Sunday, March 23rd, 2008
After a last amazing breakfast at the hotel, Yasuko and I left to go visit the amazing Fujigoko region, while the rest of the family headed back to Nagoya.
From Yuya Onsen, first we drove south to reach the Tomei Expressway the connects Nagoya and Tokyo, and then we took the highway and drove east across the entire Shizuoka prefecture, along the coast.
Some Service Areas along the expressways in Japan must be visited. Fujikawa SA is certainly one of those, if you happen to be in the area. Opened in 2000, more than 3 million people every year stop here to eat at one of the many restaurants, do some shopping, taste the specialties cooked by the many outdoor vendors, all while enjoying a stunning view of Fuji-san.
Our first stop was at the Shiraito Falls (白糸の滝, Shiraito no Taki), located in the southwestern foothills of Mount Fuji. Ranked among the most beautiful waterfalls in Japan, the 150 meter wide cascade is fed by the volcano's spring water and flows off the edge of a 20 meter high cliff in thin white streams that resemble hanging threads of silk - hence its name. The base of the waterfall is easily accessible from the road via a walking trail in just a few minutes. Several souvenir shops line the trail that leads down to the falls.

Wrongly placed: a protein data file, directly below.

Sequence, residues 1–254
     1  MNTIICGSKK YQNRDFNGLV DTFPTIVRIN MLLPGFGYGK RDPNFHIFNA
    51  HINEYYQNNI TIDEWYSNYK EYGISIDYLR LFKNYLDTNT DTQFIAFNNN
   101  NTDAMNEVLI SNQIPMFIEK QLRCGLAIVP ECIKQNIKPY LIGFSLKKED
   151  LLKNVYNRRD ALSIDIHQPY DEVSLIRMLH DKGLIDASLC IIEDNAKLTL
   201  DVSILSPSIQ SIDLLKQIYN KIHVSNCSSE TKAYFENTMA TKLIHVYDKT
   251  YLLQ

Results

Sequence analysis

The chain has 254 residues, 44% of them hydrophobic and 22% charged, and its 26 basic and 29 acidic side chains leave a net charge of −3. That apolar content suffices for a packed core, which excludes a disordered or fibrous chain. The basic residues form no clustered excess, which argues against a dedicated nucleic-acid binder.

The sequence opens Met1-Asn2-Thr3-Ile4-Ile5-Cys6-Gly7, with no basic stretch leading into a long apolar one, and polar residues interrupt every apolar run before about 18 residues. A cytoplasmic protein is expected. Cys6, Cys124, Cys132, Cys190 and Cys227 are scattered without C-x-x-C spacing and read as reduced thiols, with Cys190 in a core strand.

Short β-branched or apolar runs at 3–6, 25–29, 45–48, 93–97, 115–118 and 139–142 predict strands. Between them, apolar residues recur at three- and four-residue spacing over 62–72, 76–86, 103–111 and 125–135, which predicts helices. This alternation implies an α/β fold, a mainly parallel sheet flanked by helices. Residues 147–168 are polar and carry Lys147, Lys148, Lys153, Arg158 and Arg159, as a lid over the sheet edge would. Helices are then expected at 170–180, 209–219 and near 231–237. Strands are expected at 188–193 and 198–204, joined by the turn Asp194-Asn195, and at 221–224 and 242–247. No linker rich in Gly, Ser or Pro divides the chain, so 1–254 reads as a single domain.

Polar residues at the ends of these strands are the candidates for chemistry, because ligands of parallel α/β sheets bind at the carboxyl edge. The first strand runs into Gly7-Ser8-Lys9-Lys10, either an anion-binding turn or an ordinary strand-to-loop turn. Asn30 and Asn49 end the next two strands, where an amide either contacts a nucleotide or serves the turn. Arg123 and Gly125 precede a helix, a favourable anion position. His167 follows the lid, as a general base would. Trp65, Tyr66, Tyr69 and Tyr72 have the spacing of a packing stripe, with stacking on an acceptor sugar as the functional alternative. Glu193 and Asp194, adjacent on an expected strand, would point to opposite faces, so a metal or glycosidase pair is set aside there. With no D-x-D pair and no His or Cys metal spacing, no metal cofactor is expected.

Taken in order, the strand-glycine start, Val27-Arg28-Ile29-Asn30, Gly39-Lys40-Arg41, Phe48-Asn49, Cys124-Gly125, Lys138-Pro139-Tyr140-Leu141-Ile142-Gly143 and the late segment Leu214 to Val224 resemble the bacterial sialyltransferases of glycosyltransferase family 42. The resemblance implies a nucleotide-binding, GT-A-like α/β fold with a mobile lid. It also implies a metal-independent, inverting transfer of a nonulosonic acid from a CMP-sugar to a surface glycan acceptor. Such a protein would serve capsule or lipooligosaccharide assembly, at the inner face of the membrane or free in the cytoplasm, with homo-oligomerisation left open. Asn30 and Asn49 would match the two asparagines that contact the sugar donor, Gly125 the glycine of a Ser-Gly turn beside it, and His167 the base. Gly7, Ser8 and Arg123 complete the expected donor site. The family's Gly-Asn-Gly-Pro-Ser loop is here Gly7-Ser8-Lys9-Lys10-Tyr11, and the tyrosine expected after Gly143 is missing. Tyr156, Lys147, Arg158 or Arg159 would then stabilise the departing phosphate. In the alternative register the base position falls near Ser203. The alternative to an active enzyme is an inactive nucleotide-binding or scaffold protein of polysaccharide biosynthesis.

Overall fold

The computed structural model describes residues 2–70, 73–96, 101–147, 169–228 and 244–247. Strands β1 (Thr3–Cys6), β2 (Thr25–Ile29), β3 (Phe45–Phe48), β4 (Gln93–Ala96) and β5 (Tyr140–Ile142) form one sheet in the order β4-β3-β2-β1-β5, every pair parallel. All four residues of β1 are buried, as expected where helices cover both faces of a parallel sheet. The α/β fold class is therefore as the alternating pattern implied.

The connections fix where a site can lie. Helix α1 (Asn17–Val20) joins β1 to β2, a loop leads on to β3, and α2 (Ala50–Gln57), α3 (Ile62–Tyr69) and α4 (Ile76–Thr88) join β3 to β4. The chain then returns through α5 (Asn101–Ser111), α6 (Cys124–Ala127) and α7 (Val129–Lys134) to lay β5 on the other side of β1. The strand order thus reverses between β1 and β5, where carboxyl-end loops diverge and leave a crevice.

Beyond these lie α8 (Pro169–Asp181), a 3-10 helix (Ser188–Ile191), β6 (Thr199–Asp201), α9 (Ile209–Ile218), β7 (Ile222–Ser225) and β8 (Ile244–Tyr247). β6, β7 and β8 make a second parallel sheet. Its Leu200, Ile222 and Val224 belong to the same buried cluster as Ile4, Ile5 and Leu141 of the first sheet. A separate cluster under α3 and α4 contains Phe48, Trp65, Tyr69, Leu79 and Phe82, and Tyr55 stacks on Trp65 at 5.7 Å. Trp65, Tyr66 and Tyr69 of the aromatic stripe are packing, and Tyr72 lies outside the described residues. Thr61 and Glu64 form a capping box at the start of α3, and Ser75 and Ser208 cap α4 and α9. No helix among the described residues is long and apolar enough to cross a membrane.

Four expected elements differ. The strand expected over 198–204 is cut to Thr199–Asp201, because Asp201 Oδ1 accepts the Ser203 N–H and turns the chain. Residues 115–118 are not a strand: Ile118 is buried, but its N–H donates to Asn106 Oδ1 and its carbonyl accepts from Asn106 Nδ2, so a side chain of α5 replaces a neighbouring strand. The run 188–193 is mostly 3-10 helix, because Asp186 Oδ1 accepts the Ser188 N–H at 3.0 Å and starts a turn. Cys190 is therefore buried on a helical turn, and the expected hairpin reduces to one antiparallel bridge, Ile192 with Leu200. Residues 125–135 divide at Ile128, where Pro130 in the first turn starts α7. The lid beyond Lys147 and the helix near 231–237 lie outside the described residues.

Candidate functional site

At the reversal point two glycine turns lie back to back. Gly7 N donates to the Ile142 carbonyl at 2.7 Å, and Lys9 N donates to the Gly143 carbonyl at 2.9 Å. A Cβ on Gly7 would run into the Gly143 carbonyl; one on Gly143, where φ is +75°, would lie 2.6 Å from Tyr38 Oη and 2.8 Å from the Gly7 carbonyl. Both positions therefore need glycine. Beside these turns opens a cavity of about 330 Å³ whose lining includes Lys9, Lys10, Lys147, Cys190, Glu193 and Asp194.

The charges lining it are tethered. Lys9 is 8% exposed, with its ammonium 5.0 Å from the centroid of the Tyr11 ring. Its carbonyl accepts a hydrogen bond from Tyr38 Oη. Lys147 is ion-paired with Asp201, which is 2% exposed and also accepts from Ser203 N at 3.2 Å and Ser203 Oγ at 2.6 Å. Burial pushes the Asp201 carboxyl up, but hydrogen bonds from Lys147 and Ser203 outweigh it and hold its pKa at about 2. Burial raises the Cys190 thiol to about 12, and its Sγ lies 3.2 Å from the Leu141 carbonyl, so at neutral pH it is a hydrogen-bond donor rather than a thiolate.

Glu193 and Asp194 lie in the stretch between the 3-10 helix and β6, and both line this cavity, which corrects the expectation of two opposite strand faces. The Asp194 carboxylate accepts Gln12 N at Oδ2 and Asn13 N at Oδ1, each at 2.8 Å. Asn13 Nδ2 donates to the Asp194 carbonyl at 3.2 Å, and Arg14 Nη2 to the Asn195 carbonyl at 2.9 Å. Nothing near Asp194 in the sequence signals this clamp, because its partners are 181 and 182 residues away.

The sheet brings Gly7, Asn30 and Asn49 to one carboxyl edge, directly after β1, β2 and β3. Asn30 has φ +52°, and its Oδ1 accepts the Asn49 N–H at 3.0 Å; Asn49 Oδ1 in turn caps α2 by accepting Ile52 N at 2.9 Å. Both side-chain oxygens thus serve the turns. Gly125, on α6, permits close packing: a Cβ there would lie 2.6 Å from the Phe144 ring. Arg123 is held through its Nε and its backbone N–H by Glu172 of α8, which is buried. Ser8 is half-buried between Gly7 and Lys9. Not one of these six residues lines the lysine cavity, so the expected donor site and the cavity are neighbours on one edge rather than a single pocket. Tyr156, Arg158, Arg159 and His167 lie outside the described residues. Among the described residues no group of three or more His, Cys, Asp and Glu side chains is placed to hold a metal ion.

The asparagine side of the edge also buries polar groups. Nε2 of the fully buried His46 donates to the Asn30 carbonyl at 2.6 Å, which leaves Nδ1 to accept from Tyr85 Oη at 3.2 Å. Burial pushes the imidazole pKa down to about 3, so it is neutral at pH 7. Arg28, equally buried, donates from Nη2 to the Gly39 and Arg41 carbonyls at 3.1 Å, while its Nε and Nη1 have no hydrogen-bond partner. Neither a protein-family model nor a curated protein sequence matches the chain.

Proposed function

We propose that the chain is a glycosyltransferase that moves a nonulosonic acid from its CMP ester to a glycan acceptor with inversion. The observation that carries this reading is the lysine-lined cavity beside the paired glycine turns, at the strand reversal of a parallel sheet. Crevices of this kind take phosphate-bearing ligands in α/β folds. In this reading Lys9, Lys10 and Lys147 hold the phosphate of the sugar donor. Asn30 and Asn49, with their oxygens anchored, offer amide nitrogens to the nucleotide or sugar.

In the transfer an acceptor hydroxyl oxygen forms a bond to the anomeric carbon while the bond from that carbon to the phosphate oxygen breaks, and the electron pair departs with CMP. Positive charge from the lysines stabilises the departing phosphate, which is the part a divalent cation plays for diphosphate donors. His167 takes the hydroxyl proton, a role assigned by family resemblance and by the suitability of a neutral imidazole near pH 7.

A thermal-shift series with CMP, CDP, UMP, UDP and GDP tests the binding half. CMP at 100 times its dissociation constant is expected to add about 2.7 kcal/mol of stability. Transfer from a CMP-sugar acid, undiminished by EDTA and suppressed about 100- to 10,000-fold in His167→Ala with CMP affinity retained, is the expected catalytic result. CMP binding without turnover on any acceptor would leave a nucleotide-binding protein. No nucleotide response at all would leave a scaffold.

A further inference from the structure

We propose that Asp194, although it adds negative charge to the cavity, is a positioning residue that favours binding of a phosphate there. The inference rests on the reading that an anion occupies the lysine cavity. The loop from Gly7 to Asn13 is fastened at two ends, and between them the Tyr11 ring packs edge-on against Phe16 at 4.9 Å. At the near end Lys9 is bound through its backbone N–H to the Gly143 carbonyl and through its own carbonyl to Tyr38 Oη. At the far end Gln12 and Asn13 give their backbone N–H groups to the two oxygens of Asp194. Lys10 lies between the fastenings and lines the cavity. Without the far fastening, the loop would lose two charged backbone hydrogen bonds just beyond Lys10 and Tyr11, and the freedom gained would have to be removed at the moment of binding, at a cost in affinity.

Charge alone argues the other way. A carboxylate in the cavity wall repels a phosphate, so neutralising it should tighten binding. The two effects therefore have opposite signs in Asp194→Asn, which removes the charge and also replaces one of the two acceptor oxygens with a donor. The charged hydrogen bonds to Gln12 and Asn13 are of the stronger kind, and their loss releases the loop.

Next, we stopped at Lake Tanuki (田貫湖 Tanuki-ko), a small lake located on the west side of Mount Fuji. Originally a swampy area, the lake is now a popular vacation location, with camp sites, fishing, boating and is noted for its views of Mount Fuji.
Next, we reached Lake Motosuko (本栖湖), the westernmost of the Fujigoko region and best known for its appearance on the reverse side of the 1000 yen bill and the former 5000 yen bill. The lake is difficult to access by public transportation and largely undeveloped except for a few campsites around its shores.
Fujigoko (lit. Fuji Five Lakes) is the name of the area located at the base of Mount Fuji in the Yamanashi prefecture of Japan. The name of this region comes from the fact that there are five lakes formed by previous eruptions of Mount Fuji.
The five lakes are located in an arc around the northern half of Mount Fuji. In ancient times, lava flow from a volcanic eruption of Mount Fuji spread across the area, damming up rivers and resulting in the formation of these lakes. They are all considered excellent tourist attractions and fishing spots. Interestingly, three of the five lakes remain still connected by underground waterways.
The view of mount Fuji from the parking area located on the western side of the lake was perfect. Since sunset was just about an hour away, I decided to stay at this location to wait for the sun to go down. A bunch of photographers had already lined up their tripods along the fence and were waiting in their cars. Unfortunately, though, I didn't carry a tripod, so I started trying to find a way to balance my Hasselblad on one of the fence's poles.
While I was doing so, one of the photographers, the guy in the picture above, who didn't speak a single word of English, waved at me, walked to his car, opened the trunk, and took out a second tripod and handed it to me, almost apologizing for the fact that the tripod was older than the one he was using. And so, there I was, all set for sunset.
And this is the picture I took with my Hasselblad: